DPMS event notification

Carsten Haitzler raster at rasterman.com
Sat Jan 20 05:13:04 UTC 2018

On Fri, 19 Jan 2018 14:51:31 +0000 "Nick" <nick at kousu.ca> said:

You can't. You can get screensaver events though but these are not specifically
DPMS. X screensaver extension covers those.

FYI However you're hacking this together... this is the reason why WM's these
days tend to be integrated "does everything" things. Because a WM would listen
for the screensaver event to know a timeout on input has happened, or it will
listen to power button or other such events, and when these happen it'll
ACTIVELY do things like dim the backlight, fade the screen to black then force
DPMS on then itself, perhaps clock the cpu down too to a power saving mode, and
maybe ask the system to suspend. I suspect what you want is to sit and hack on
i3 to make it capable like these other WM's. Make it in charge of these things
then it can just take care of it.

> (re: https://www.mail-archive.com/xorg@lists.freedesktop.org/msg14972.html)
> Hello Taylor,
> I have the same problem as you! I want to hook DPMS events in X. Given that
> you never got any responses to this message, I take it the answer is that
> it's impossible, but it's been half a decade so I thought I'd ask again: do
> you, or anyone else on this list, know how to hook DPMS state changes in X?
> My use case is a little of the
> more-things-change-the-more-they-stay-the-same: I have a tablet and I want it
> to behave like Android: to save power, it should time out and blank the
> screen, or react to the power button by blanking the screen, and it should
> either immediately lock (using slock or i3lock) or lock after some idle time
> blanked (`sleep 300; slock` or `xlock -lockdelay 300` are equally good), and
> it should disable the mouse and touchscreen while blanked because it's just
> too easy to knock the screen while it's off and wake it back up again (and
> possibly tap a button in the offing).
> I can blank the screen and lock it after a delay like this:
> xset dpms 0 0 45
> xautolock -time 5 -locker "xlock -lockdelay 300"
> And make the power button trigger:
> # (this is i3 syntax but you could do it with xmodmap or the Gnome GUI or
> # whatever)
> bindsym XF86PowerOff exec xset dpms force off
> It's a bit grungry, because xautolock works in minutes whereas xlock and xset
> work in seconds, and you have to do a mental subtraction to work out the gap
> between blanking and locking, but it roughly works.
> It's the bit about the touchscreen/mouse that makes this really hard. I found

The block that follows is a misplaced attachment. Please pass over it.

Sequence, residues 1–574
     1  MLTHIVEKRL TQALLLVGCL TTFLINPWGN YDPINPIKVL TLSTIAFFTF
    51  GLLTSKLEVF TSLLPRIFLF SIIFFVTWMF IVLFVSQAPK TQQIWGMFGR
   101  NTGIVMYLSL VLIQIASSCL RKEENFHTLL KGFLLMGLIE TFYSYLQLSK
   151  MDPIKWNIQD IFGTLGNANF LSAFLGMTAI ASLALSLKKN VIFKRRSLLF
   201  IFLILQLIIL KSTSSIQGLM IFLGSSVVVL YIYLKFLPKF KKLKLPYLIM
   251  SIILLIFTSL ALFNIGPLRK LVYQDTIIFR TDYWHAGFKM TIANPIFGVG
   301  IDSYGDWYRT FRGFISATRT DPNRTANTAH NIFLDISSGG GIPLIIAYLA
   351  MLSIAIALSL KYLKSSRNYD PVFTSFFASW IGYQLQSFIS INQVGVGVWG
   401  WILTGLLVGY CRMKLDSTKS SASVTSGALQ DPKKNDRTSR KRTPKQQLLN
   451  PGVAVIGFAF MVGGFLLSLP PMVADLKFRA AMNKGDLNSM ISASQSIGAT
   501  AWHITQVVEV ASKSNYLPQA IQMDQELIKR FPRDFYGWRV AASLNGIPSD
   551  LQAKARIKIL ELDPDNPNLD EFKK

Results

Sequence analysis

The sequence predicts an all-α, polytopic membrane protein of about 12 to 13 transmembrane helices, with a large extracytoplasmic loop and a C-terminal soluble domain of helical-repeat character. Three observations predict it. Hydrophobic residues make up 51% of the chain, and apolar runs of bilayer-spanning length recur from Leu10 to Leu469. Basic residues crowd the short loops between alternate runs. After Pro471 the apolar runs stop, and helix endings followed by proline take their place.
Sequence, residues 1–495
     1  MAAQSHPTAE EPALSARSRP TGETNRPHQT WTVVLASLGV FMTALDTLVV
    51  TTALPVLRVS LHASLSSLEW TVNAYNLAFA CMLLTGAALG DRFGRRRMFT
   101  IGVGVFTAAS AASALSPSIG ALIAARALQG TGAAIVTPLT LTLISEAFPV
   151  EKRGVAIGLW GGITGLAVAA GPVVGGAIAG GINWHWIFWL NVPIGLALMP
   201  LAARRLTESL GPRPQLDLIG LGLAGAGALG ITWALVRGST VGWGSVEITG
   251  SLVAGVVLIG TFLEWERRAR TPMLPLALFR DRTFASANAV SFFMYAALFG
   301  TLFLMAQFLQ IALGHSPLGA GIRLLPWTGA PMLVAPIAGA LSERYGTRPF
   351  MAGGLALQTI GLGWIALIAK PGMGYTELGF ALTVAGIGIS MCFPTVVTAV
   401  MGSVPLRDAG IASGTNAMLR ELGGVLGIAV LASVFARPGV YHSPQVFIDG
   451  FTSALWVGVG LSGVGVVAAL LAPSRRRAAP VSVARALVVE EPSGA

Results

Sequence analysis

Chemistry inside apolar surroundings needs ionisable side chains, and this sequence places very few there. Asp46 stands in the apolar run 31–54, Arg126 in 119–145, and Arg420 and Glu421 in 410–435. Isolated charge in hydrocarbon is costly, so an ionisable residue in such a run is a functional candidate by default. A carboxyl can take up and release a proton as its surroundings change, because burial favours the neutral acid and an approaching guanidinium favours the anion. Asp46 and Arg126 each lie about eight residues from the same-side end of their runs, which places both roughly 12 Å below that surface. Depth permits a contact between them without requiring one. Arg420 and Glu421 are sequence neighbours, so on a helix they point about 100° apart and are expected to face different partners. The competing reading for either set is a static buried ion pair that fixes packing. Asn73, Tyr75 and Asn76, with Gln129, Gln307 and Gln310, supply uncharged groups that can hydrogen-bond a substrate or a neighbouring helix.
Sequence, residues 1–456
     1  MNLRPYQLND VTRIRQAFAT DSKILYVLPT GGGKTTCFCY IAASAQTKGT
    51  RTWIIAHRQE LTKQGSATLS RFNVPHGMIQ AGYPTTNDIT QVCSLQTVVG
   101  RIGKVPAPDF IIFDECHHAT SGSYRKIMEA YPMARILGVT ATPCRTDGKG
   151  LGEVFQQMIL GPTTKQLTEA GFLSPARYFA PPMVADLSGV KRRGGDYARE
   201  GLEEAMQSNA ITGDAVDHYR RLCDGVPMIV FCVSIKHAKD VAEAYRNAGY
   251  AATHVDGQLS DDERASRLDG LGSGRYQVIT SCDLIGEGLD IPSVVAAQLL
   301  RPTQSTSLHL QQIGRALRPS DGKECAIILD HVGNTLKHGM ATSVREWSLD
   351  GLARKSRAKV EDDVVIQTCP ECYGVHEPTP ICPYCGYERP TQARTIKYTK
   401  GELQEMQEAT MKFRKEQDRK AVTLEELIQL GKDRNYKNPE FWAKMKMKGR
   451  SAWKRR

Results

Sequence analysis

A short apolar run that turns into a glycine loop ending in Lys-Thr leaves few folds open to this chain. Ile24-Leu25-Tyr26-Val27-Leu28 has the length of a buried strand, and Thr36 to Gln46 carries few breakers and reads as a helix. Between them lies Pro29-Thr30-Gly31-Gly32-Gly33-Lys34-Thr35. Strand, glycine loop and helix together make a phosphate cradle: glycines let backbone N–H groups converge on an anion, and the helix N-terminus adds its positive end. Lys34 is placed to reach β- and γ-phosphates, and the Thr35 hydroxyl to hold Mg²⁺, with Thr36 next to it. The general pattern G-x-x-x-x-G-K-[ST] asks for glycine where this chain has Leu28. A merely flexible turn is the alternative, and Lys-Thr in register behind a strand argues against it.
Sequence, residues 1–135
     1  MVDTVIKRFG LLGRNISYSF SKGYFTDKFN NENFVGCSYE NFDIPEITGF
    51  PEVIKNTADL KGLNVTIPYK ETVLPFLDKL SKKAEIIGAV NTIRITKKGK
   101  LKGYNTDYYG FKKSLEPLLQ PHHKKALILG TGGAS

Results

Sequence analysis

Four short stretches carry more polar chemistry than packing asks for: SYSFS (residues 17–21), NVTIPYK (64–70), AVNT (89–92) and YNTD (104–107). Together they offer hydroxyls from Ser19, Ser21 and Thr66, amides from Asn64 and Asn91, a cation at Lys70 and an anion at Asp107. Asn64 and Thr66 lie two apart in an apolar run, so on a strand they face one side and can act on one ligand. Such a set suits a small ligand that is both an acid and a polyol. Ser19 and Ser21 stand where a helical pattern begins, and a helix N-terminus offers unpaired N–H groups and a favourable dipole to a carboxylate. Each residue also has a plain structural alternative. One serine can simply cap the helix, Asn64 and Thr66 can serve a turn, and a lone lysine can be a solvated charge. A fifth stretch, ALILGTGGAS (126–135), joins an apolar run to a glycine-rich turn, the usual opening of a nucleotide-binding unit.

> https://superuser.com/questions/71704/dpms-keep-screen-off-when-lid-shut from
> years ago but there's no good solutions there. I could add a `xinput
> set-int-prop $TOUCHSCREEN "Device Enabled" 8 "0"` to the PowerOff trigger,
> but there's no place to hook it in the same way for the timeout because y;
> maybe I could use two xautolocks, one to turn off the screen and mouse and
> one to lock later, except xautolock specifically denies that. Maybe I could
> write a "locker" that looks like
> #!/bin/sh
> xset dpms force off
> xinput set-int-prop $TOUCHSCREEN "Device Enabled" 8 "0"
> xinput set-int-prop $MOUSE "Device Enabled" 8 "0"
> sleep 300
> xlock
> and have xautolock run that. But I'd need to be careful about trapping
> signals and relaying them to children, and it still doesn't know when to
> re-enable the mouse -- which should be tied to the screen being on. It would
> be infinitely easier if there was a dpms-events and I could just run a script
> #!/bin/sh
> MOUSE=...
> dpms-events | while read event; do
> case $event in
> xinput set-int-prop $TOUCHSCREEN "Device Enabled" 8 "0"
> xinput set-int-prop $MOUSE "Device Enabled" 8 "0"
> ;;
> xinput set-int-prop $TOUCHSCREEN "Device Enabled" 8 "1"
> xinput set-int-prop $MOUSE "Device Enabled" 8 "1"
> ;;
> done
> And then let X timeout and blank the screen or run "xset force dpms off" at
> will, or "xset force dpms on" (which is what waking the machine by tapping a
> button on the keyboard or press the power button should do).
> For clues, I went digging into jwz's xscreensaver in order to see how he
> handles it; it turns out he wrote his own eventing system for screensavers
> (see https://www.jwz.org/xscreensaver/man3.html -> `open (IN,
> "xscreensaver-command -watch |"); while (<IN>) { if (m/^(BLANK|LOCK)/)
> { ...`), but how that's actually implemented is on top of a huge pile of
> hacks and second-guessing X in order to handle the mismash of X variants out
> in the wild. The main() comment
> <https://github.com/Zygo/xscreensaver/blob/39809ded547bdbb08207d3e514950425215b4410/driver/xscreensa
> er.c#L12> reads
> > * We do this in one of three different ways: periodically
> > * checking with the XIdle server extension; selecting key and mouse events
> > * on (nearly) all windows; or by waiting for the MIT-SCREEN-SAVER extension
> > * to send us a "you are idle" event.
> The only thing it has to do with DPMS is forcing the monitor settings to
> match what xscreensaver thinks they should be
> <https://github.com/Zygo/xscreensaver/blob/39809ded547bdbb08207d3e514950425215b4410/driver/dpms.c#L1
> 0>.
> So after all that, I'm pretty sure what I'm looking for doesn't exist, but I
> am not very familiar with X internals so maybe there's a secret
> DPMSSelectInput to match XScreenSaverSelectInput. Anyone got a clue?
> _______________________________________________ xorg at lists.x.org: X.Org
> support Archives: http://lists.freedesktop.org/archives/xorg
> Info: https://lists.x.org/mailman/listinfo/xorg
> Your subscription address: %(user_address)s

------------- Codito, ergo sum - "I code, therefore I am" --------------
Carsten Haitzler - raster at rasterman.com

More information about the xorg mailing list